All you need to know about … eggs
Eggs have been a staple in the human diet for centuries, but despite this we are still learning new things about their benefits. There are also a lot of myths around eggs including that they are bad for cholesterol levels, that you shouldn’t eat the yolk, that eggs are high in fat and that you shouldn’t eat eggs every day. We’ve gathered all the facts for you and cracked (pardon the pun) the myths to help you make an informed decision.
Loaded with nutrients, some of them hard to come by in other foods, eggs are one of nature’s superfoods. They are packed with 11 different vitamins and minerals in each serving and are a perfect protein source because they contain all nine essential amino acids needed by the body. Add to this the fact that they contain omega-3 fatty acids, vitamins A, D, E and B12 plus antioxidants and there’s a pretty good argument for including eggs in your diet.
Most of the protein in eggs is found in the egg white, while the yolk contains healthy fats, vitamins, minerals and antioxidants, so if you choose to eat only egg whites, you will be missing out some of the healthy benefit of eggs.
Wondering how often you can eat eggs as part of a healthy diet? The Australian Guide to Healthy Eating recommends daily inclusion of foods from the lean meat and poultry, fish, eggs, nuts and seeds, and legumes/beans food group. The amounts needed vary depending on age and gender but the most common recommendation is two and half serves daily; two large eggs (120g) is equal to one serve.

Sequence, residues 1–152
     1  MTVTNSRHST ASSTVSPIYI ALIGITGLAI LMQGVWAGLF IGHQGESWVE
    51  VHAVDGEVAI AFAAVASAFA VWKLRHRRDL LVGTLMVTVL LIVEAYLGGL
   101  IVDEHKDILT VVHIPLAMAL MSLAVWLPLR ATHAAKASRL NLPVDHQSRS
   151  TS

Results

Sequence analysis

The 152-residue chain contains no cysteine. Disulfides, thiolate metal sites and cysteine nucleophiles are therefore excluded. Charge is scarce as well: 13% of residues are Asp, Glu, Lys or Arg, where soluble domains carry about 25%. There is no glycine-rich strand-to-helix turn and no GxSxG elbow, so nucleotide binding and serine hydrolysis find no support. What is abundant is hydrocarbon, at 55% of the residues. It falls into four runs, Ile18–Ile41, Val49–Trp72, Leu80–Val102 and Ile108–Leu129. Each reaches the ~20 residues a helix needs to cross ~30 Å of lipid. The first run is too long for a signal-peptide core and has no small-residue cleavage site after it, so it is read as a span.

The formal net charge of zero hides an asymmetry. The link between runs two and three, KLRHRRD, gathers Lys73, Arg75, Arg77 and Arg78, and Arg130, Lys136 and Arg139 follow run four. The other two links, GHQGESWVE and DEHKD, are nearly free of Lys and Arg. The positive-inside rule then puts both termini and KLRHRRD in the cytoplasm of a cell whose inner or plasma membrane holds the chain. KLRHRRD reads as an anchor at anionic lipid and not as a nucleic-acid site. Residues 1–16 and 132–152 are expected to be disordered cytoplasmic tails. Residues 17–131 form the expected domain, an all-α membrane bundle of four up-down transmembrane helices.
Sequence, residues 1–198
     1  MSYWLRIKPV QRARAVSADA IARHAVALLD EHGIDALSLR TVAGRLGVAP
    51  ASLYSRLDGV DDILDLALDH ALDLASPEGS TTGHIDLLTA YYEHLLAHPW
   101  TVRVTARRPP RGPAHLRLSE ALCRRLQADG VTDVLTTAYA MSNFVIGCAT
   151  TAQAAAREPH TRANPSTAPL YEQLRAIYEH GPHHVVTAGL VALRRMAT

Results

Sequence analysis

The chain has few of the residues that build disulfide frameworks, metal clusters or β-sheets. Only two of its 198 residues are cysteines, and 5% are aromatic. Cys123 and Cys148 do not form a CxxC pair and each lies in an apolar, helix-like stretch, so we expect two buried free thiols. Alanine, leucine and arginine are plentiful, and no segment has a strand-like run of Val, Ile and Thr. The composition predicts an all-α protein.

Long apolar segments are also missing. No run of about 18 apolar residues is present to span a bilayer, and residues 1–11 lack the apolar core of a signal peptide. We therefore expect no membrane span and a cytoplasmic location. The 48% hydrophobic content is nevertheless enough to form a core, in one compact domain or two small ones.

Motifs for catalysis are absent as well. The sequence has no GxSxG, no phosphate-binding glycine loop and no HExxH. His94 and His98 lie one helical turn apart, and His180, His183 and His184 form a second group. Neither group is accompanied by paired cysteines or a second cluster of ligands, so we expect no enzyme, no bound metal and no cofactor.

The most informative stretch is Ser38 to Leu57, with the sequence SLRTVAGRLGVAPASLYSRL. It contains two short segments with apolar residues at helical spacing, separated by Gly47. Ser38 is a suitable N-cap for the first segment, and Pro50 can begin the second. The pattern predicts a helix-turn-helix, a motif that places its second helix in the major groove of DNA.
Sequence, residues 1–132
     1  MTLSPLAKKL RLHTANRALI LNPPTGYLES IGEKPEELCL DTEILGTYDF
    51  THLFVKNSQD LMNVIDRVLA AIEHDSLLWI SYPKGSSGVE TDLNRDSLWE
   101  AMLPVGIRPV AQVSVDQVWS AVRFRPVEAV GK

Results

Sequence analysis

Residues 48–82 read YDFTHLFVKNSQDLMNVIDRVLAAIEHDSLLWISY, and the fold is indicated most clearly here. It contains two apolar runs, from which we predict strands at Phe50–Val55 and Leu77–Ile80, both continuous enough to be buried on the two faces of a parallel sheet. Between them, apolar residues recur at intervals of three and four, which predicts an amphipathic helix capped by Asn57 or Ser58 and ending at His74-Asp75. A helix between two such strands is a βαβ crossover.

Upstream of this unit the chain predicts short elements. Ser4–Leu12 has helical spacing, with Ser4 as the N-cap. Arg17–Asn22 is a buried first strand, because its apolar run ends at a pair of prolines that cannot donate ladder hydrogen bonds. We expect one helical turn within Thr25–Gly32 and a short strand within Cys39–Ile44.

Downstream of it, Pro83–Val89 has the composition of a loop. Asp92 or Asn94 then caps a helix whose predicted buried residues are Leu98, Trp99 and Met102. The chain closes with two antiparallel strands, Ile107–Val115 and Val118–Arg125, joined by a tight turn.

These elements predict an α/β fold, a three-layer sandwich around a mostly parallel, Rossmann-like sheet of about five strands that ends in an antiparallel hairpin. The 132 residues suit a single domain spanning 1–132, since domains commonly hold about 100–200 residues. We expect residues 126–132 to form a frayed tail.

Eggs help increase levels of high-density lipoprotein (HDL), or “good” cholesterol as it’s commonly known. Higher levels of HDL can help reduce the risk of heart disease. It's low-density lipoprotein (LDL), or "bad" cholesterol, that can put heart health at risk. Meals high in saturated fats and trans-fats such as deep-fried takeaway foods will increase levels of LDL cholesterol. The National Health & Medical Research Council’s Australian Dietary Guidelines advise that consumption of eggs every day is not associated with increased risk of coronary heart disease.
For those watching their weight, eggs are a great addition to your diet. They can make you feel full by increasing the levels of a hormone that helps you feel satisfied after eating and delaying the rate at which food leaves the stomach. The high satiety levels of eggs leads to greater feelings of satisfaction, less hunger and a lower desire to eat later in the day, meaning you’ll be less inclined to reach for that mid-afternoon snack.
Though you may not have heard of choline, this nutrient plays an important role in our health. It is essential for normal cell functioning and is particularly important during pregnancy to support healthy brain development in the baby. Eggs are one of the best dietary sources of choline.
When buying eggs choose eggs with clean, uncracked shells and choose the egg size that is most useful and economical for your lifestyle. Fresh eggs can be refrigerated for up to six weeks, but always check the use by date on the carton. If you have had eggs in your fridge for a few weeks that are still in date you can use them for baking cakes, quiches or frittatas. They are also great for hard-boiling as older eggs are less likely to have the egg white stick to the shell. Fresher eggs are perfect for poaching and frying as they hold their shape better. If you’re not sure if your eggs are still fresh just pop them in a bowl of water. Fresh eggs will sit at the bottom while bad eggs will float because of the large air cell that forms in their base.